Ow wow - I like this a lot! There is a corruption on the land surrounding the final resting place of an ancient archdruid. If they eliminate the corruption they may be gifted the artifact by the archdruid's ghost. It is his ancient foe that placed the corruption, so if they do not pursue the foe's destruction they might start hallucinating the same blight and corruption over and over until they do something about it.

The question to me would not necessarily be "is this a railroad" as much as "does it make sense for the story I'm telling"? What's the motivation for you, as a DM to place a geas? Does it make sense in the world and can I foreshadow that this might be a possibility? If it feels like I'm doing it because I want my players to do something specific I don't use it. But if it makes sense that this artifact would exist, that the ancient spellcaster would use this method to force their will on someone else? Sounds like a good story.

Bonus points if I can see a way to have the players a chance to turn the tables on the source of the geas.
The artifact ties in to one of my player's backstory, so I'm pretty sure he'll be all over it. There is another pretty strong adventure hook already luring them in the direction the geas would take them. They just want to tidy up some loose ends before heading that way.
 

NotAYakk

Adventurer
Give them a choice if they want to accept the artifact and geas. Let them walk in with eyes open.

Exhastion seems like a good mechanic here; it starts out gradual, then ramps up seriously. Their min exhastion level reaches 1 after ~2 days, 2 after ~4 days, 3 after ~8 days, 4 after ~16 days, 5 after ~32 days and 6 (dead) after ~64 days.

Serious progress towards the geas ramps it down at a rate of 1 per day.

Narratively, this is caused by endless nightmares and dreams as they sleep; they are unable to rest. These dreams can include information from the druid about how to go about the quest etc.

Note that this will make the character cursed incompetent after only a few days on side quests. So a clock is ticking.

If you have time, having the cursed character do solo "dream quests" outside of the main sessions could keep that player engaged (as their player gets more and more incompetent in the regular sessions, the "dream quest" sessions can make them feel some spotlight).
 

aco175

Adventurer
You could have a NPC henchman/sidekick type under the Geas. This way the players are still free to help or blow it off. You can play up the NPC taking damage or wracked with visions or whatever. It would be better if the party knows the NPC rather than a guy walking down the street. Combine this with moving the location closer to where the PCs are would help motive them to help out. Of course, the reward should be less as well.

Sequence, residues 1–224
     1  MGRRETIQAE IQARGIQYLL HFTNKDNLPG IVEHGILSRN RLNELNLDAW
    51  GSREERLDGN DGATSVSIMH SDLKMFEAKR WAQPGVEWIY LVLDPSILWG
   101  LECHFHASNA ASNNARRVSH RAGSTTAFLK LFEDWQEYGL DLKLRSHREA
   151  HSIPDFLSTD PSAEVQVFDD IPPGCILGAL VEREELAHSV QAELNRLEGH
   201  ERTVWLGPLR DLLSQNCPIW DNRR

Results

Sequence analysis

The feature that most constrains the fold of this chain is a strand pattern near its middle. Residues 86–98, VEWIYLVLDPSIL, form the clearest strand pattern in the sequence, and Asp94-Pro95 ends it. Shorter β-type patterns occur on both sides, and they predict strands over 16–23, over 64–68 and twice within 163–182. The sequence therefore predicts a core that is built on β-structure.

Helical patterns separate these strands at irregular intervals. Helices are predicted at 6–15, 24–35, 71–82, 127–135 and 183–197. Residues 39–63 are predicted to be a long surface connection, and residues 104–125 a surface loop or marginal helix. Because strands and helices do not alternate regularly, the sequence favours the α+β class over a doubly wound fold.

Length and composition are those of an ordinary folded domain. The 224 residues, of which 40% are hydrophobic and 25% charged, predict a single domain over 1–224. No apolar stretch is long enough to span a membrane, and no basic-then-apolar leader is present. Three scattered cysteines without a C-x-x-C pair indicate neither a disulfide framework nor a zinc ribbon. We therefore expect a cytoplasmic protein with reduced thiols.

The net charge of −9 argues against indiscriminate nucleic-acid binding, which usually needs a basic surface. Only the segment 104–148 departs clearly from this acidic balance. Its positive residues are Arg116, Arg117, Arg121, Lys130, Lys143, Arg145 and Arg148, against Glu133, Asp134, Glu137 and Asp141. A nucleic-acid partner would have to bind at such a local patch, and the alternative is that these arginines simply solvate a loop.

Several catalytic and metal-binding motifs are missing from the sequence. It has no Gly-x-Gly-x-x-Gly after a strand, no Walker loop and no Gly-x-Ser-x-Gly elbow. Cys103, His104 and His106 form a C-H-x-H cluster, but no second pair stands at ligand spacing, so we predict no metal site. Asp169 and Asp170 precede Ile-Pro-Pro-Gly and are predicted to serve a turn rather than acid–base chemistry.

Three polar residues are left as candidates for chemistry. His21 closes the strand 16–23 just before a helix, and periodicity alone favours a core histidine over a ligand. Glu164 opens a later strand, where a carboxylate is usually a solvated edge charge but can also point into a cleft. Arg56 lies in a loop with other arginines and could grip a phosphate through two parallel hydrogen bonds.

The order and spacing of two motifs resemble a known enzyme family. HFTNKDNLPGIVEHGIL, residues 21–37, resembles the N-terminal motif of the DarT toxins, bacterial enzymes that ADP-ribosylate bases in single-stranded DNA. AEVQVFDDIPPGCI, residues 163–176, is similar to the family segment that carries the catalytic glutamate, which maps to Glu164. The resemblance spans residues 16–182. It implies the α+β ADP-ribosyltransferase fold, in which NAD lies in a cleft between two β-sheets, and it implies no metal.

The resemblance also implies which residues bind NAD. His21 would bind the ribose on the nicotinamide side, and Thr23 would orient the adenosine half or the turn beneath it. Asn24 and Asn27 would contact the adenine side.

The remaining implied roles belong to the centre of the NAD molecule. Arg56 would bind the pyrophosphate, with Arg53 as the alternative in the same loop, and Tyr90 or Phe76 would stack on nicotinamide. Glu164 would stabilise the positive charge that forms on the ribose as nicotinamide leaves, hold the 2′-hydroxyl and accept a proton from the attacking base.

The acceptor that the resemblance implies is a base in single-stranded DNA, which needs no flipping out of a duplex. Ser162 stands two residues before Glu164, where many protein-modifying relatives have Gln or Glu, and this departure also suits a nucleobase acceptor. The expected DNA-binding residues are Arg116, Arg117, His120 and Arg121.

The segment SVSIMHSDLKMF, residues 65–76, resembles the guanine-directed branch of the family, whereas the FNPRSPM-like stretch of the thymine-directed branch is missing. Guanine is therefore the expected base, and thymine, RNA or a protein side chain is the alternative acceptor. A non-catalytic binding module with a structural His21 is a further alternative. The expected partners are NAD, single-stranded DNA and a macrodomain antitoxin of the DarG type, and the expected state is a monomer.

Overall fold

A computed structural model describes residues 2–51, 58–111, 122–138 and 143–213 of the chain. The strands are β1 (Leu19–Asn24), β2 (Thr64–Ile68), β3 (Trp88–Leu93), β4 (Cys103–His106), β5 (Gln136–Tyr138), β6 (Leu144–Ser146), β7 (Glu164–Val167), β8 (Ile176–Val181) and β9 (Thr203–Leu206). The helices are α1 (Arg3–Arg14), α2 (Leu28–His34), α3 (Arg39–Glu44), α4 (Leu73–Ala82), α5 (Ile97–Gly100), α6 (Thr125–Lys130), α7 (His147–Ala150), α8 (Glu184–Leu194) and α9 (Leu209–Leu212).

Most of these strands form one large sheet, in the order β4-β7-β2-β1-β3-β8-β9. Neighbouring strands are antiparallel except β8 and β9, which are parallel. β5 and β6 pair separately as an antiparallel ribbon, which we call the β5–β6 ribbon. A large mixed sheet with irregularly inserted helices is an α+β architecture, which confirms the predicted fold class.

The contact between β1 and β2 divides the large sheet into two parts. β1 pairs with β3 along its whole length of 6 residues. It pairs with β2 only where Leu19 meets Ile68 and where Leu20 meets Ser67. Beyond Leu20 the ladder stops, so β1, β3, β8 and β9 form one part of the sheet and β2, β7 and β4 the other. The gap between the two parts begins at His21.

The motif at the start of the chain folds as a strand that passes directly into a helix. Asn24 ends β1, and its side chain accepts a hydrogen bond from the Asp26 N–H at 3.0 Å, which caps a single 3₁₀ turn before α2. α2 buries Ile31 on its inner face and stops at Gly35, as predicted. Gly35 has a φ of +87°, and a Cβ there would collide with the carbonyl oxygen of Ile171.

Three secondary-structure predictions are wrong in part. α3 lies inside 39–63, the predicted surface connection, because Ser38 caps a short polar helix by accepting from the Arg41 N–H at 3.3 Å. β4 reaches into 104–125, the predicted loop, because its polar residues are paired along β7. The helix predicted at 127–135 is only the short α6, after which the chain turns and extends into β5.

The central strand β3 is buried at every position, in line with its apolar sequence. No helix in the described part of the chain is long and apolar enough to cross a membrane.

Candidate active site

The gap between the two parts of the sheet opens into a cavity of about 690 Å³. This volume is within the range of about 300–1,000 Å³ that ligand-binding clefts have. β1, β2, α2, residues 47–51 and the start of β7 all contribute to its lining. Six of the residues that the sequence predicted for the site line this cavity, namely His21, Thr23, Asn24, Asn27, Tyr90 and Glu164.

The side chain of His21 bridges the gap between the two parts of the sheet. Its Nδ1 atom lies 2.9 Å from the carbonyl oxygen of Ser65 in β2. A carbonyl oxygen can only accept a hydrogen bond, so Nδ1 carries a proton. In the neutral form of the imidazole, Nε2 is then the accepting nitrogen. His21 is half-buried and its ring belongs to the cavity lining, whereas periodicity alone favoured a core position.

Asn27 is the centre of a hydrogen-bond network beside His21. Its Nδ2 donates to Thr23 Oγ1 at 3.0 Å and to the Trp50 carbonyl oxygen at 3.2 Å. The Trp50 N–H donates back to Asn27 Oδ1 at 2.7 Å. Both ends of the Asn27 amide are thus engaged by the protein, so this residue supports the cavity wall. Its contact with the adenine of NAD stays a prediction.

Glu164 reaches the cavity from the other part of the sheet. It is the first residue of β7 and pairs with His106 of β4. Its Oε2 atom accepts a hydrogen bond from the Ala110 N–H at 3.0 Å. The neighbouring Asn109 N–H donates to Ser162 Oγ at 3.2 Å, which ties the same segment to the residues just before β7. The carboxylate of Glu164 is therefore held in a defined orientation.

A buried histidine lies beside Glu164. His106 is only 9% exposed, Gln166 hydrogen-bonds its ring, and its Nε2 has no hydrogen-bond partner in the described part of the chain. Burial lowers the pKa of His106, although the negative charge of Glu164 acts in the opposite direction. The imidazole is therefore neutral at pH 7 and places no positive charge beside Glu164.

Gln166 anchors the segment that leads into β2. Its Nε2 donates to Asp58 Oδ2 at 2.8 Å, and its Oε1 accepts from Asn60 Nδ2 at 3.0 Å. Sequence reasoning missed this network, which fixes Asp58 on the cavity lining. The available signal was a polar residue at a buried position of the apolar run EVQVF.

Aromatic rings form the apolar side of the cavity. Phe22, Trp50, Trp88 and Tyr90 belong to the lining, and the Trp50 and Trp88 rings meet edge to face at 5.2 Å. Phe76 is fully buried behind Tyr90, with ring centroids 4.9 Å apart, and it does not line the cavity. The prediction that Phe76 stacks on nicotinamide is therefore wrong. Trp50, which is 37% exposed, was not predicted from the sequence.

jasper

Rotten DM
Only use Geas is you are going to railroad your players with YOUR plot. It is a huge PLOT Hammer.
 

Oofta

Title? I don't need no stinkin' title.
On a side note, even if I were to do the psychic damage, I think there are a lot of ways to fluff it to be more evocative. The PC affected is affected in a dream, attacked or surrounded by a caustic fog that eats away their skin for example.

The important thing to me is to treat something like this as more than just a spell. Find a way to weave it into your world and it's theme. I have some borderline gothic horror in my campaigns so the psychic damage could come from a waking hallucination of being swarmed by rats that no one else can see.

Which gives me an idea for my own campaign. The group is investigating a mysterious death; the npc started screaming one day and then dropped dead. A ghost spellcaster wants someone to find their murderer and the geas is going to be passed on until someone solves it (or destroys the ghost). I think my group would really have a lot of fun with this but it's definitely not something for every group. I'd also want to have alternative solutions instead of seeking vengeance for the ghost.
 
I think if you use the dreams and visions like others have said, the players will buy into it. If not, then they will want to try to find a way to remove the geas, which you absolutely let them do. Although with the side effect of crippling the sword's power. (Can't have your cake and eat it too).
I would also focus on the wording "each time it acts in a manner directly counter to your instructions". This doesn't have to mean that if it doesn't move that goal forward, that you are punished. But rather make it so if they actively and knowingly make a choice that will move them away from the goal or make it harder is what punishes them.
Killing a monster that is terrorizing a village while on there way isn't working against the goal. Knowing that taking time to kill the monster will mean they miss the only boat to the other side of the world for the next 6 months which might mean they miss their chance to complete the goal on time, would result in the damage.
 

Ralif Redhammer

Adventurer